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Like adults, children also suffer from a variety of sleep disorders. However, the manifestation and diagnostic methods are often somewhat different. Common children's sleep disorders such as sleep apnea, snoring, somnia disorders, and daytime sleepiness, are often difficult to diagnose because of the inability of a child to communicate and report symptoms. Therefore, the diagnosis and treatment of children require more specialized techniques.

Habitual snoring (snoring more than three nights per week) should prompt further investigation. Snoring itself is caused by turbulence of the air and usually indicates a degree of narrowing and resistance to the air flow. It can be caused by nasal congestion and elongation of tonsils and adenoids. This resistance to air flow, if severe enough, can cause poor quality of sleep, restless or fragmented sleep and at times urination at night.

Parasomnias such as sleep walking and night terrors are common in children. However, if the parasomnia begins or continues beyond age 10, happens frequently, or can pose a risk of injury (from falling while sleep walking, for example) then they constitute a pathology, which needs to be evaluated and treated. Occasionally, sleep walkingcan be a manifestation of a seizure disorder such as psychomotor seizure.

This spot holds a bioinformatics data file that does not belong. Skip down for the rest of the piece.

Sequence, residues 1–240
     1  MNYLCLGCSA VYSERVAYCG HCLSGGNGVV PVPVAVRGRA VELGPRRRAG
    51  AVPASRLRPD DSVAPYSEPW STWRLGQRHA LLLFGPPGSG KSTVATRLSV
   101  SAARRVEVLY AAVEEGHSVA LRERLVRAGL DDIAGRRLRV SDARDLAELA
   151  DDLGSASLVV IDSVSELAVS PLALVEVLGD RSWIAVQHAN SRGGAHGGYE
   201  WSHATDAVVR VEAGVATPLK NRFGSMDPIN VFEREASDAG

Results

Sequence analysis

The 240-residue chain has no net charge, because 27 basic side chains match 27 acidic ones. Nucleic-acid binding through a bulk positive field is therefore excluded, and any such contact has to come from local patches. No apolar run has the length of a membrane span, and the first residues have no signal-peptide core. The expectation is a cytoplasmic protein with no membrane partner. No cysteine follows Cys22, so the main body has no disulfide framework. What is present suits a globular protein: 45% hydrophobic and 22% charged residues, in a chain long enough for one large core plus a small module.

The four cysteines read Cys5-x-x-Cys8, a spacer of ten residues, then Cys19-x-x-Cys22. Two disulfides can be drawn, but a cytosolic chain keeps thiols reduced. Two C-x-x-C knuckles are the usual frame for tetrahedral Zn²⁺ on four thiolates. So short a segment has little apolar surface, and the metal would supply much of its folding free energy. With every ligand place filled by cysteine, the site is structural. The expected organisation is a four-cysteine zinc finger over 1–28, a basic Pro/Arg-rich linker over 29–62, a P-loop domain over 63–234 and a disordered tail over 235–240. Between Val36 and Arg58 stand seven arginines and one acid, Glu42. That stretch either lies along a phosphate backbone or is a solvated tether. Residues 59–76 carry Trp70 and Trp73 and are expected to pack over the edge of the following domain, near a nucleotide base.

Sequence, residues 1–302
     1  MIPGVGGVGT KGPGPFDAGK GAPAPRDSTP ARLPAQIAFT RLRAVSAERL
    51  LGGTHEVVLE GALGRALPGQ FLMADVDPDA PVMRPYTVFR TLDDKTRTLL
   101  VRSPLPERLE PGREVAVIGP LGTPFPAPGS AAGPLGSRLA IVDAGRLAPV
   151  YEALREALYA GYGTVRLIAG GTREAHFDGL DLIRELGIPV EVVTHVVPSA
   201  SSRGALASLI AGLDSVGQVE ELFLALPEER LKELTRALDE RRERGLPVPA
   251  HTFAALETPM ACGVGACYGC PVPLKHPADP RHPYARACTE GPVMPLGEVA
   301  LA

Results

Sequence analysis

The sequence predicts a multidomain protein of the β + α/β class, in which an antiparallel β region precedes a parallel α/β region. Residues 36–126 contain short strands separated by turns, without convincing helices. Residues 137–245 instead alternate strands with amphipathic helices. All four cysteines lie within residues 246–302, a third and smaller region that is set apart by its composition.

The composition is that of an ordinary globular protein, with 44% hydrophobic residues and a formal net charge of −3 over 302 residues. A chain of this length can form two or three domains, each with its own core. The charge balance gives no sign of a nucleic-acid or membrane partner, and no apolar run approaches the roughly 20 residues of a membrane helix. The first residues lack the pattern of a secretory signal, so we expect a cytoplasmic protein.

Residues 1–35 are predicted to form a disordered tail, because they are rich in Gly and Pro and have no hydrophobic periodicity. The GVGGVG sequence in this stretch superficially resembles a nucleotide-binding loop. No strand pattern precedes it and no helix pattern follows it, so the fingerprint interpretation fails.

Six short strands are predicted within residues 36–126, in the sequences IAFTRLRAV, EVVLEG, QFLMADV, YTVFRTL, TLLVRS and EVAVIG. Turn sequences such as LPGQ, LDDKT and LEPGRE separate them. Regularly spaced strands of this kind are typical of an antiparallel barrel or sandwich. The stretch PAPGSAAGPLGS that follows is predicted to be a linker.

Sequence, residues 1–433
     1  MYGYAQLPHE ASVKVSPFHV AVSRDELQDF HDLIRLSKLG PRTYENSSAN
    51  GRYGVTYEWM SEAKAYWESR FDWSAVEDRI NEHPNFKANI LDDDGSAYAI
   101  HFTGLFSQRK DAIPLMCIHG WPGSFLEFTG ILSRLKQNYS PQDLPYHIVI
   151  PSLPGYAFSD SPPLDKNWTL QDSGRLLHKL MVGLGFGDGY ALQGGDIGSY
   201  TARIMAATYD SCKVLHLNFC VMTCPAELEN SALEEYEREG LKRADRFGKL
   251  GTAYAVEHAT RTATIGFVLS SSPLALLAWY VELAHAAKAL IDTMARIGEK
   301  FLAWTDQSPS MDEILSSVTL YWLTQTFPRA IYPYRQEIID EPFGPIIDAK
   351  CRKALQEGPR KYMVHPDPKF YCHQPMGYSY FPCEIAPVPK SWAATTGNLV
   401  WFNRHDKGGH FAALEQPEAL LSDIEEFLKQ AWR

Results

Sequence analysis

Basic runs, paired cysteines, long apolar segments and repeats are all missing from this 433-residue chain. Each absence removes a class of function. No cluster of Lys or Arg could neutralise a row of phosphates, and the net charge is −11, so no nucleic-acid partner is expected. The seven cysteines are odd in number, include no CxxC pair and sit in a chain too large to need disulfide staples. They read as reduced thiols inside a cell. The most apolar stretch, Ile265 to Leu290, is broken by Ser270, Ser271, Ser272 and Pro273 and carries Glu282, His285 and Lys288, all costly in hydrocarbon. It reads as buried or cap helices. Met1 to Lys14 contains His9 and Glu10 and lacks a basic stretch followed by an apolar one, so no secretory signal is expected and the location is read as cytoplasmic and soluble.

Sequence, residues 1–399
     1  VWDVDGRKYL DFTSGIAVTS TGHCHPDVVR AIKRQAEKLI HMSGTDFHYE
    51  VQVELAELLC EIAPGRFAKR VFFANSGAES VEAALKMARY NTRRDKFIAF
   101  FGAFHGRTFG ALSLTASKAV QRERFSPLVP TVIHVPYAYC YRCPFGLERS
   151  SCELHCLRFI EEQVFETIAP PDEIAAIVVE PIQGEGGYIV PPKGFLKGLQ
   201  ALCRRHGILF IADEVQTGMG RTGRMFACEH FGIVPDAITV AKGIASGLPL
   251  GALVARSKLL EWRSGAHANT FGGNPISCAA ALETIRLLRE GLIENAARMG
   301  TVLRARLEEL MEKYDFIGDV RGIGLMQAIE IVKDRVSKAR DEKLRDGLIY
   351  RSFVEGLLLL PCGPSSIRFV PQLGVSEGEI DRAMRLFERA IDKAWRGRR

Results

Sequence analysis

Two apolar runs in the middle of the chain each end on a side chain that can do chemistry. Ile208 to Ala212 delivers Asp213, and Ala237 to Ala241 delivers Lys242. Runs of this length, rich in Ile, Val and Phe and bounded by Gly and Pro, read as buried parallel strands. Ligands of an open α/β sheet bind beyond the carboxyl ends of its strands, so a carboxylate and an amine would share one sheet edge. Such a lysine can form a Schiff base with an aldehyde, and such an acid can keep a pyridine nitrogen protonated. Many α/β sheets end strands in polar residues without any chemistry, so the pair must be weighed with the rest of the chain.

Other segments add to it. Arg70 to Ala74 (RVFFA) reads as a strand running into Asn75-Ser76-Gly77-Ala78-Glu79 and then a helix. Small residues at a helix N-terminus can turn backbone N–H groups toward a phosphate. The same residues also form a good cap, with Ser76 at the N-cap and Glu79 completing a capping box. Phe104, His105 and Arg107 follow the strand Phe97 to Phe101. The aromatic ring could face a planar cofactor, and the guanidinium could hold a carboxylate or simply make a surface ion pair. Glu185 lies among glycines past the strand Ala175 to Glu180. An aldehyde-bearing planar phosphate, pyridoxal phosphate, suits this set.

When a child suffers from a sleep disorder, often they have a difficult time waking up since the sleep has been of poor quality. This may lead to lack of attention and hyperactivity similar to Attention Deficit Disorder (ADD) or Attention Deficit Hyperactivity Disorder (ADHD), as well as poor school performance and academic achievement. Children may also exhibit aggressive or oppositional behavior. In addition to problems with school performance and behavior, children with sleep disorders may suffer from poor health, delayed growth, or obesity. Children often exhibit these signs instead of sleepiness, particularly since a child's sleepiness can result in napping in seemingly normal situations, such as while riding in a car.

Sleep Apnea in Children

Sleep apnea in children can be seen from infant to adolescence. Contrary to common perception, sleep apnea in children is quite common. The signs and symptoms include snoring, irregular breathing patterns while sleeping (breathing fast and then slow), restless sleep, nightmares, frequent awakenings, and bed-wetting.

Sleep apnea in children is often associated with frequent sore throat, usually caused by an upper respiratory infection (URI). Nasal, sinus, or ear problems, mouth breathing, and enlarged tonsils or thyroids may also be encountered.